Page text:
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House loves sick people. Senate loves roads. Both love Woody Allen

If you want to boil down the major differences between the House and Senate budgets, look at what the House does to road builders and what the Senate does to the elderly and disabled.

The House raids nearly $600 million from the state's transportation trust fund, the seed money for roads and a sacred cow in the Senate. The Senate hasn't decided on trust fund sweeps like the House, so its budget looks stingier. The Senate cuts hundreds of millions ($328m in GR, unknown total) in Health & Human Services.

Bottom line Senate HHS budget: $27.2 billion. House: $28.3 billion. With that extra billion, the House spends more than the Senate on Alzheimers, seniors-meal centers and other programs for the poor and disabled. The House also proposes no increase in the so-called "sick tax" on hospitals, which is in the Senate budget, though Senate President Jeff Atwater says it's a goner because it's a tax increase.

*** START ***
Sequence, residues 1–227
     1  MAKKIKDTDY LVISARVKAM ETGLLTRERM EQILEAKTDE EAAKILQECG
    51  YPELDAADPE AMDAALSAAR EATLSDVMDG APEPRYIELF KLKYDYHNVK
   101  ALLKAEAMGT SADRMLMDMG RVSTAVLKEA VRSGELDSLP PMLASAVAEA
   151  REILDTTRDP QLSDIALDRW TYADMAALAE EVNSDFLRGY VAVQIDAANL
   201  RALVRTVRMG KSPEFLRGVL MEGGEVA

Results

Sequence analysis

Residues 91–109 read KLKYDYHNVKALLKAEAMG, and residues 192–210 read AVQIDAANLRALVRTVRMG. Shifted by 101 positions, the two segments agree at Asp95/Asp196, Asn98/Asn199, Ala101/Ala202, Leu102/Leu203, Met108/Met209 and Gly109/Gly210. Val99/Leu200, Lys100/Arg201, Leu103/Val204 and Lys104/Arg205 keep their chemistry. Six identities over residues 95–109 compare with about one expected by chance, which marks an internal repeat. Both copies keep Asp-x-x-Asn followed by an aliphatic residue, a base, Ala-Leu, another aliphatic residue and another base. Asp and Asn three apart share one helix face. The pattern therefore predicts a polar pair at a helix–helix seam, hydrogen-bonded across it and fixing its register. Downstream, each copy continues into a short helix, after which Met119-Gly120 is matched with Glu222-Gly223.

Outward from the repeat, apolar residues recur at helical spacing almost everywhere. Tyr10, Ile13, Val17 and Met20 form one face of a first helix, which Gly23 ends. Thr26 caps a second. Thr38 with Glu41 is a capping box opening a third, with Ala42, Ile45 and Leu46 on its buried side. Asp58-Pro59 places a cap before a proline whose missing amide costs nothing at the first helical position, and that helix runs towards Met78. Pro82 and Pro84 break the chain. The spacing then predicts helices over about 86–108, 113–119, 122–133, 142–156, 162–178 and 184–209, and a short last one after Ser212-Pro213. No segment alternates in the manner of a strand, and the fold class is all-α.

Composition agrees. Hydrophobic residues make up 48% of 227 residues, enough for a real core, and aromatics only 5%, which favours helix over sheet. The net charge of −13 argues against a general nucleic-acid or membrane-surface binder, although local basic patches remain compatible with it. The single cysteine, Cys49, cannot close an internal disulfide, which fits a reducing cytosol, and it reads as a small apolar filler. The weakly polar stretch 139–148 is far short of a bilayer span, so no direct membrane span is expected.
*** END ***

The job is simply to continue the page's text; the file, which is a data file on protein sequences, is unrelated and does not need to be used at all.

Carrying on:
Anyway, much of the Senate health budget might be a charade because Congress looks increasingly likely to approve an extension of generous federal funds for Medicaid. Atwater said some will be shifted out of the budget, and Democrats in Congress like Tampa Rep. Kathy Castor say the Republicans should be careful not to bait-and-switch the taxpayer funds.

Of course, nearly every Congressional Republican will vote no while their GOP counterparts in state Capitols like Florida eagerly await the infusion of borrowed cash. The whole Republican approach-avoidance conflict is kind of like that Woody Allen joke from Annie Hall about two old ladies griping about food in the old-folks home (just switch "stimulus money" for the word food):

Lady 1: The food is so bad here!

Lady 2: Yeah, and in such small portions.

Bon Appetit.

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